by Matthew Walsh

Australian journalist Cheng Lei faced a closed door trial in China on Thursday after 18 months in detention over accusations of supplying state secrets, with Canberra saying the decision to deny its ambassador access to the hearing was “deeply concerning.”

Chen Lei
Cheng Lei on Corporate Innovation Summit stage during day two of Web Summit 2019 at the Altice Arena in Lisbon, Portugal. File photo: Piaras Ó Mídheach/Web Summit via Sportsfile, via Flickr.

Cheng — a mother-of-two and a former anchor on Beijing’s state broadcaster CGTN — has been held in detention since August 2020. In February last year she was formally arrested for “illegally supplying state secrets overseas.”

But Chinese authorities have given no further information on the allegations against her, diplomats say.

“We have been denied entry into the trial,” Australian ambassador to China Graham Fletcher told reporters outside the Beijing court on Thursday.

“This is deeply concerning, unsatisfactory and very regrettable. We can have no confidence in the validity of a process which is conducted in secret.”

Diplomats could not confirm if the trial had begun as scheduled.

Cheng could face life imprisonment if deemed to have committed serious violations of China’s national security laws.

A statement from her family said “her two children and elderly parents miss her immensely and sincerely hope to reunite with her as soon as possible.”

Concerns have swirled in Canberra over her welfare and detention conditions, with foreign minister Marise Payne urging China to meet “basic standards of justice, procedural fairness and humane treatment… in accordance with international norms.”

Ambassador Fletcher assuaged some of those worries on Thursday, saying “she is bearing up OK” and had chosen “very competent lawyers” to defend her.

Born in central China’s Hunan province, Cheng emigrated to Australia as a child and later acquired citizenship of her adoptive country — likely ditching her Chinese passport as Beijing does not permit its citizens to hold dual nationality.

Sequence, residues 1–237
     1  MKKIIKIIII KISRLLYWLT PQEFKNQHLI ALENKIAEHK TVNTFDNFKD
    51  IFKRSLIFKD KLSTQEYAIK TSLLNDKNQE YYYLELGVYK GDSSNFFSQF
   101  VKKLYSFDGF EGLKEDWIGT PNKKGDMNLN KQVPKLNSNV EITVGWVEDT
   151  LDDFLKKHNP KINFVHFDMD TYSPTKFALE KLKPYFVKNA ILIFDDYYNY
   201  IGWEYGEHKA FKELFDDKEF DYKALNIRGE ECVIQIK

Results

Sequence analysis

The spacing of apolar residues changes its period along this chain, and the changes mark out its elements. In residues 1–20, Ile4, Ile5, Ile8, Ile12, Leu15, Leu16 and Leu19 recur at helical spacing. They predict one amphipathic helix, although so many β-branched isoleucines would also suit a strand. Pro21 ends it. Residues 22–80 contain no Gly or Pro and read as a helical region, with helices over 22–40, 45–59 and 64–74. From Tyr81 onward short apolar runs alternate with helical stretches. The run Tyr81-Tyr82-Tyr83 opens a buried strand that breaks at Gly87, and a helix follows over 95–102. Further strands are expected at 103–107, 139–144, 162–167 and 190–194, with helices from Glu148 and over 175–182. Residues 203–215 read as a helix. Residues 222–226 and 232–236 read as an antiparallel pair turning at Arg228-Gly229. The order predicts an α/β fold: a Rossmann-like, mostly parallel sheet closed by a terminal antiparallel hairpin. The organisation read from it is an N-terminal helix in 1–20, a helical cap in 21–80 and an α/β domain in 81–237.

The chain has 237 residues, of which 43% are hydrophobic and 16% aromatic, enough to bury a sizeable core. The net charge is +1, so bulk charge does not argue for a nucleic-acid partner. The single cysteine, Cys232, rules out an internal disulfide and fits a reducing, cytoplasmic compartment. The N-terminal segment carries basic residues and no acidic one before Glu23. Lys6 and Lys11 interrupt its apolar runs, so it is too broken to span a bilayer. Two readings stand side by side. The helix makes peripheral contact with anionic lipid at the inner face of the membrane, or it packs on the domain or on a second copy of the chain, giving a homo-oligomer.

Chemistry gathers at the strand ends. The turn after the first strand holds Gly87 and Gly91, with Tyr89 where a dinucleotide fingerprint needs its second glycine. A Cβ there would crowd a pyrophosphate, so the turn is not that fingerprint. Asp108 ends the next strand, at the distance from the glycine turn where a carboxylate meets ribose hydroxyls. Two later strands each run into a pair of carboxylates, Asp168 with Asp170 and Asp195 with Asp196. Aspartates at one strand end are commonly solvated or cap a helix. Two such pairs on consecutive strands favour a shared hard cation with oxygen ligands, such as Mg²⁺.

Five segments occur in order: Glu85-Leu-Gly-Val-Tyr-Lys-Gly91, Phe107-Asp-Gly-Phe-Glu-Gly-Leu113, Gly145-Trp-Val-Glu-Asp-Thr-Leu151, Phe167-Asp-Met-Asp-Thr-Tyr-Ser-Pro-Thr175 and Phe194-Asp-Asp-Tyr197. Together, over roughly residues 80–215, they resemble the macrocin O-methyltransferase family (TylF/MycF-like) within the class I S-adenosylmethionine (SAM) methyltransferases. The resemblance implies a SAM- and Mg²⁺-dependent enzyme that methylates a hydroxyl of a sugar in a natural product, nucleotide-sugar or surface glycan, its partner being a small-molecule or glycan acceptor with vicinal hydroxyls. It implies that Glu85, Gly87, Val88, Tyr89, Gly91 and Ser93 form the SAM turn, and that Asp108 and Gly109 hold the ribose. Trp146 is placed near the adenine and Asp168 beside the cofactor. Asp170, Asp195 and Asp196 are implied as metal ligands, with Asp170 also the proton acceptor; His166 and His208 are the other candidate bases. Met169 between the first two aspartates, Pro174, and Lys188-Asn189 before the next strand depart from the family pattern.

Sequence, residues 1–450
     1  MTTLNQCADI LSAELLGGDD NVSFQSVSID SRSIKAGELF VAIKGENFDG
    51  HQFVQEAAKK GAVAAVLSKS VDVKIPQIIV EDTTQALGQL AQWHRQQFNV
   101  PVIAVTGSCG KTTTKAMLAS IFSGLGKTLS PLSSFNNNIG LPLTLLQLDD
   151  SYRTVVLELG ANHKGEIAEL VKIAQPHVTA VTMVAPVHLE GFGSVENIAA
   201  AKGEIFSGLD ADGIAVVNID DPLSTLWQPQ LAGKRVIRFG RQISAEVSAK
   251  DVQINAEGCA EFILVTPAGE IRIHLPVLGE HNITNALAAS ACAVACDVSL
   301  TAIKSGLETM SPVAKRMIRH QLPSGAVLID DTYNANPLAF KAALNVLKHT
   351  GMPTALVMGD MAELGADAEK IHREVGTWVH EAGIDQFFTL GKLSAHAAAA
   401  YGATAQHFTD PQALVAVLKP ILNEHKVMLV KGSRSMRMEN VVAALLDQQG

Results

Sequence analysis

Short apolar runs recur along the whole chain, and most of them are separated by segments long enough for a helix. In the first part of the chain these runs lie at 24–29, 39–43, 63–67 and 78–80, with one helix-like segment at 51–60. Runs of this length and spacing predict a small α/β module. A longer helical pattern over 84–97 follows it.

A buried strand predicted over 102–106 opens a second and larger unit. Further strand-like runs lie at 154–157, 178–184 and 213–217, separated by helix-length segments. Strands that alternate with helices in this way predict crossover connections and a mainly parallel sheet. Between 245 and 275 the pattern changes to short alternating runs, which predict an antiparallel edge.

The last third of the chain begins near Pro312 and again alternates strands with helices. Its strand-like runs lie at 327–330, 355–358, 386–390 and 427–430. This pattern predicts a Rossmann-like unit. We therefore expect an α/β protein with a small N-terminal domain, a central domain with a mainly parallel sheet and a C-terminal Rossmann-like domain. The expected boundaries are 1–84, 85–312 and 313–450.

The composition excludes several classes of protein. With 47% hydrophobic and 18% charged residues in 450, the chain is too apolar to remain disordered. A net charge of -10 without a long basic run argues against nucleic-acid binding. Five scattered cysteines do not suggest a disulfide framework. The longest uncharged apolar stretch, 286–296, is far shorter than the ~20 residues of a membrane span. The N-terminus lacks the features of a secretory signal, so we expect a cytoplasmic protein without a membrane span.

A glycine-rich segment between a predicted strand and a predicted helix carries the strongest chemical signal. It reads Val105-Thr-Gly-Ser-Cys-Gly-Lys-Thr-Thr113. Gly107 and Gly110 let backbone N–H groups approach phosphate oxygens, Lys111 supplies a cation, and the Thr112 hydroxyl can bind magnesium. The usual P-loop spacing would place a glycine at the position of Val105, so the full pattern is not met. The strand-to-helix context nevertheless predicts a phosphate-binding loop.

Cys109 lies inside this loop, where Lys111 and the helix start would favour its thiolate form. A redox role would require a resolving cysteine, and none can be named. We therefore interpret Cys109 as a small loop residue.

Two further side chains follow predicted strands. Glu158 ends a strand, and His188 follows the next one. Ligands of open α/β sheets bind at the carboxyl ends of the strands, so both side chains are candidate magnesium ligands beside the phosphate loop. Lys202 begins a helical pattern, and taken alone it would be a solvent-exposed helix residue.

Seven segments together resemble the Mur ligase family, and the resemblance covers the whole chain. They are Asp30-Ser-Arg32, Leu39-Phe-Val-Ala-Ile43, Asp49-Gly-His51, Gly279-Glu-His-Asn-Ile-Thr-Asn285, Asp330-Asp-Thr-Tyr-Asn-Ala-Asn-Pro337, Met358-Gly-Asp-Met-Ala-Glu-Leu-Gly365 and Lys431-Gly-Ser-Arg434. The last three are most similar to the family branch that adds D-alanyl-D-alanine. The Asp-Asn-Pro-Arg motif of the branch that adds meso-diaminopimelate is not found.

After returning to China and joining the state broadcaster in 2012, she became a familiar face on CGTN and hosted interviews with noted CEOs from around the world.

Broader tensions

Cheng’s detention came as relations between Australia and China plunged to their lowest level in years.

Beijing has lashed out at Australia’s use of foreign interference laws to block Chinese investment in sensitive sectors and examine Chinese influence on the country’s public life.

Canberra’s repeated calls for an independent enquiry into the origins of Covid-19 — which first emerged in China over two years ago — have also raised Beijing’s hackles.

Australia Parliament
The Parliament of Australia. File photo: Leorex, via Flickr.

Weeks before she disappeared, Australian authorities raided the homes of Chinese state media journalists as part of a foreign interference probe.

The timing of Cheng’s detention and the lack of clarity about the charges against her led to speculation that her detention was politically motivated or tit-for-tat retaliation.

Two Australian journalists, Bill Birtles and Michael Smith, later fled China after being questioned about Cheng.

Months after her detention, Chinese authorities also detained Bloomberg News employee Haze Fan — a Chinese citizen — on allegations of endangering national security.

Another Chinese-born Australian, writer Yang Jun, has been accused by Beijing of espionage and is facing a trial that started last year behind closed doors.

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